Saturday, September 29, 2012

Review Monsieur Pamplemousse Investigates



Michael Bond is best-known for his beloved books about Paddington Bear. But he has also written a series of 16 mystery novels featuring the gourmand sleuth, Monsieur Pamplemousse, and his faithful hound, Pommes Frites.

Monsieur Pamplemousse Investigates is the sixth book in the series and finds Pamplemousse trying to thwart a plot to humiliate his boss, the editor of France's premiere restaurant guide, and ruin the company. He is helped along the way by his clue-sniffing dog and an attractive computer expert who can cook a pot-au-feu just like his mother (including plugging the bones with potatoes to keep the marrow in).

The humor is a little silly (Pamplemousse loses his clothes and has to go in drag, for instance) and the computer crime so dated as to be incomprehensible, but the book has a decently puzzling plot and the charm needed to make a successful cozy, plus a Paris setting and plenty of food talk. Perfect for a chilly autumn afternoon.

OTHER REVIEWS

If you would like your review of this or any other books in the Monsieur Pamplemousse series, please leave a comment with a link and I will add it.

NOTES

This counts as one of my books for the Foodies' Reading Challenge.



WEEKEND COOKING






Friday, September 28, 2012

Book Beginnings:


Please join me every Friday to share the first sentence (or so) of the book you are reading, along with your initial thoughts about the sentence, impressions of the book, or anything else the opener inspires. Please remember to include the title of the book and the author's name.

TWITTER: If you are on Twitter, please tweet a link to your post using the has tag #BookBeginnings. My Twitter handle is @GilionDumas.

MR. LINKY: Please leave a link to your post below. If you don't have a blog, but want to participate, please leave a comment with your Book Beginning.



MY BOOK BEGINNING

 

"Is this seat taken?" I asked the attractive young woman sitting by herself in the lounge.

-- The General's Daughter by Nelson DeMille.  It's a clever beginning, really, because he is approaching an ex-girlfriend who he hasn't seen in a year and he knows won't be happy to run into him.


Tuesday, September 25, 2012

Teaser Tuesday: The Tangled Bank




To many, a squirrel is a squirrel and by any other name is still just a squirrel. . . .  They are also capable of ravaging birdfeeders worse than jays,  though their brilliant acrobatics to defeat "squirrel-proof" feeders are surely worth the price of a bag or two of the best black sunflower seeds.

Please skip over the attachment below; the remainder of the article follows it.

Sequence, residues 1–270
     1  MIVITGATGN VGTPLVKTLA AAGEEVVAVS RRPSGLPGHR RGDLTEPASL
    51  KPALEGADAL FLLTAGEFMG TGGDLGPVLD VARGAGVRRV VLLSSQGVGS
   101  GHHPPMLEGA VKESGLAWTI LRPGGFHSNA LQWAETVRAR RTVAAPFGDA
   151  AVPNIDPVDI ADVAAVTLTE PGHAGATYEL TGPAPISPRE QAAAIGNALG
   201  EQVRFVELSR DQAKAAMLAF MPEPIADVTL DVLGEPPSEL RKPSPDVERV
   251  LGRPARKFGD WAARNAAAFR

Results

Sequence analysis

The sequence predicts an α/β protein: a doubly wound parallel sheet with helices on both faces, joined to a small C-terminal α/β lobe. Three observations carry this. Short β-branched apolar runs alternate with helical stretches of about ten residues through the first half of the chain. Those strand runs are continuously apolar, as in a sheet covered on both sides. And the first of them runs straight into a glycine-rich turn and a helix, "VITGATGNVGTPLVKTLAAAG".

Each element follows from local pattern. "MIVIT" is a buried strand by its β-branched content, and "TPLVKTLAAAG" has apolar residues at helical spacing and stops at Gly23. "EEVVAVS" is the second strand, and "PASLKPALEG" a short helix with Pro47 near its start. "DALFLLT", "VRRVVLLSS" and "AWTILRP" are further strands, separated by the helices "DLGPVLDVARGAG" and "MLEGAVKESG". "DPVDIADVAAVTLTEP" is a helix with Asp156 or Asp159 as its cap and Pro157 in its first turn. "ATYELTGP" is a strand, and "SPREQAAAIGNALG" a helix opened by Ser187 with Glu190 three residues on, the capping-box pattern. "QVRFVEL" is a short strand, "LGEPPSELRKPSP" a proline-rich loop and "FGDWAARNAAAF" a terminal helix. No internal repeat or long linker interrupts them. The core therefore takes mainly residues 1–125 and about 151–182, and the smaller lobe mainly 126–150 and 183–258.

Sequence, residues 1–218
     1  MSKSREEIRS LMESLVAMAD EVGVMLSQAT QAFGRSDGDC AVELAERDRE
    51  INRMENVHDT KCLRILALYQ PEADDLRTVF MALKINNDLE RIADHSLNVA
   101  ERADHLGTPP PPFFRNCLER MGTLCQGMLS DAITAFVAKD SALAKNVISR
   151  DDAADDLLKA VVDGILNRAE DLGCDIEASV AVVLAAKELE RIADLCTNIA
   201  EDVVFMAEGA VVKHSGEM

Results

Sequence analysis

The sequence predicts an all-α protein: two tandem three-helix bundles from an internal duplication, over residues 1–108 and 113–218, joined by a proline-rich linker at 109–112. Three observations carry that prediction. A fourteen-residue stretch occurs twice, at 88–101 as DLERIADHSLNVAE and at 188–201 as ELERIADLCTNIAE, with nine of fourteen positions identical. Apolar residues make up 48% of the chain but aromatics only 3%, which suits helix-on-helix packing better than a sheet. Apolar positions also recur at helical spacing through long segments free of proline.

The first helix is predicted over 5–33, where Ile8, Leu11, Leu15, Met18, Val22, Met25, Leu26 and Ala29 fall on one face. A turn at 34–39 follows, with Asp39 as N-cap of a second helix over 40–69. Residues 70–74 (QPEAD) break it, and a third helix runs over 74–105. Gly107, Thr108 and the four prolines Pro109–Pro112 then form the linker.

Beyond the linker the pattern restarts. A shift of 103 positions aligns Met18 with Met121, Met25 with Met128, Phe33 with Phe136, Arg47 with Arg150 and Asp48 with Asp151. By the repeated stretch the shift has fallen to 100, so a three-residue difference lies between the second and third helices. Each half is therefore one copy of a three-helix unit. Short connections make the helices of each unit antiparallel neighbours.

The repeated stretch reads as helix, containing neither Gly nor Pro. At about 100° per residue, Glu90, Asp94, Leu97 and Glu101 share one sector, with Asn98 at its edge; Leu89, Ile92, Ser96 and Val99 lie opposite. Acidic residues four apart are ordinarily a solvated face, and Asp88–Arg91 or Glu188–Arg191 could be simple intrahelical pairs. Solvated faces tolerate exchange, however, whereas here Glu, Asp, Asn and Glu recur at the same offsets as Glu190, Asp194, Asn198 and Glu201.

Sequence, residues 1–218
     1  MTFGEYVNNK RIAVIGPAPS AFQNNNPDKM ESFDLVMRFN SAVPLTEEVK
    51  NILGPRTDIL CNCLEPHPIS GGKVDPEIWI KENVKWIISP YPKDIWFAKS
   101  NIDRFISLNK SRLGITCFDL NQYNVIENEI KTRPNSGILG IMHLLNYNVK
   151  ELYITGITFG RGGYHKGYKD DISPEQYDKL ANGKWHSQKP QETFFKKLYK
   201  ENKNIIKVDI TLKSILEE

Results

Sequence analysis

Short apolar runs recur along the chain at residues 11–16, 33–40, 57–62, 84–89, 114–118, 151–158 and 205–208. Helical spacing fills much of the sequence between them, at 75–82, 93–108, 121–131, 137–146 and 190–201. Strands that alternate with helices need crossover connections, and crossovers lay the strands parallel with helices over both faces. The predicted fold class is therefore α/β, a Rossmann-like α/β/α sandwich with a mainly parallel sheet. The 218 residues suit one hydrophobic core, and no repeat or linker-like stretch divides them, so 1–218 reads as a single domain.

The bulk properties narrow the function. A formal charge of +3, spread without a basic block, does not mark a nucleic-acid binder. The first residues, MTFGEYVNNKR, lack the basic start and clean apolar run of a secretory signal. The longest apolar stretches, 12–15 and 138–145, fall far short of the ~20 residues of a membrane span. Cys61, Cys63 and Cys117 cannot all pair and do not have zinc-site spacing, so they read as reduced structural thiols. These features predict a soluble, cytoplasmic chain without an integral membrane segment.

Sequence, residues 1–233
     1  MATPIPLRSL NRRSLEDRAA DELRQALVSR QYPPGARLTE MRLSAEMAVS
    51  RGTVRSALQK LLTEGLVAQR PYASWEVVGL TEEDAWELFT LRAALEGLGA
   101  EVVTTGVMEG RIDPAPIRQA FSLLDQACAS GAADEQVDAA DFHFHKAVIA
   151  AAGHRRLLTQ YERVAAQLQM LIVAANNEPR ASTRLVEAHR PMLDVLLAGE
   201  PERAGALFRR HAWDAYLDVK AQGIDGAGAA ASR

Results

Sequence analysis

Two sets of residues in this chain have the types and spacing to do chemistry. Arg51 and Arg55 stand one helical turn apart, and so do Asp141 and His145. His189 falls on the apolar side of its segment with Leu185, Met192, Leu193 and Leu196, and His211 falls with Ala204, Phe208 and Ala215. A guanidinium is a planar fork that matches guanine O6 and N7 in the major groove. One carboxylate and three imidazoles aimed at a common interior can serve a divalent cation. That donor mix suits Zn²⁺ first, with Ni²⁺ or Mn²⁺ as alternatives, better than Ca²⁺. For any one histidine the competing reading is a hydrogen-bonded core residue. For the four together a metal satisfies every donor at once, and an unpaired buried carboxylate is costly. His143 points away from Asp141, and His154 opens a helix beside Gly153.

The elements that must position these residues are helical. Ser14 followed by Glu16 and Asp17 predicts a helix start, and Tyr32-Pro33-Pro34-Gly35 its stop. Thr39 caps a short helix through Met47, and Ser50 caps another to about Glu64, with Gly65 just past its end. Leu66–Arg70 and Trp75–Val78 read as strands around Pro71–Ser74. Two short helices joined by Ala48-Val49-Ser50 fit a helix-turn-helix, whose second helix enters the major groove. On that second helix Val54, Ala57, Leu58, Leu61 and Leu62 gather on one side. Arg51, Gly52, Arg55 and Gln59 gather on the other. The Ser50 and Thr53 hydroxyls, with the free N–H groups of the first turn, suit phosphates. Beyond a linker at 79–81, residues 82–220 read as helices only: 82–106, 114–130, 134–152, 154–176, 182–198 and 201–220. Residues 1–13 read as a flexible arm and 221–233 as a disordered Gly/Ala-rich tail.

-- from "Squirrel Tales" in The Tangled Bank: Writings from Orion by Robert Michael Pyle, published by OSU Press.

Charles Darwin contended that the elements of a tangled bank are endlessly interesting, ever evolving, and can explain the entire living world.  These essays were originally published in Pyle's monthly column for Orion and Orion Afield magazines.  They cover topics from Mexican monarchs to bookstores to the love of hops.

I love that the author's back-cover biography says, "He is often associated with butterflies, slugs, and Bigfoot." That is priceless! Especially when accompanied by a photo of Pyle in a moss coat:


For those in the Portland area, there is a book event for Pyle this Sunday: A conversation, reading, and book launch with Robert Michael Pyle and Orion editor Jennifer Sahn.  Sunday September 30, 7:30 pm Heron Hall, Portland Audubon, 5151 NW Cornell Road, Portland, OR.

Teaser Tuesdays is hosted by Should Be Reading, where you can find the official rules for this weekly event. 



Monday, September 24, 2012

Mailbox Monday



Thanks for joining me for Mailbox Monday! MM was created by Marcia, who graciously hosted it for a long, long time, before turning it into a touring event (details here).

Kristen at BookNAround is hosting in September.  Please visit her terrific blog for reviews of her favorite types of books, mostly contemporary/literary fiction, historical fiction, young adult, narrative non-fiction (travel, cooking, etc.) and memoirs.

I got one book last week:



The Writing on the Wall by W. D. Wetherell.

From the Publisher's Description:

When Vera decides to travel to an old house in the New England countryside for a month-long escape from some devastating news about her daughter, Cassie, she has no idea her life is about to change forever.  It begins innocently enough—peeling the old wallpaper from the walls as a favor to the house’s owner.  What she discovers underneath—written in India ink on the very walls of the house by a woman named Beth, in 1919—is the beginning of the reader’s unsettling crossing into the unknown world underneath the paper.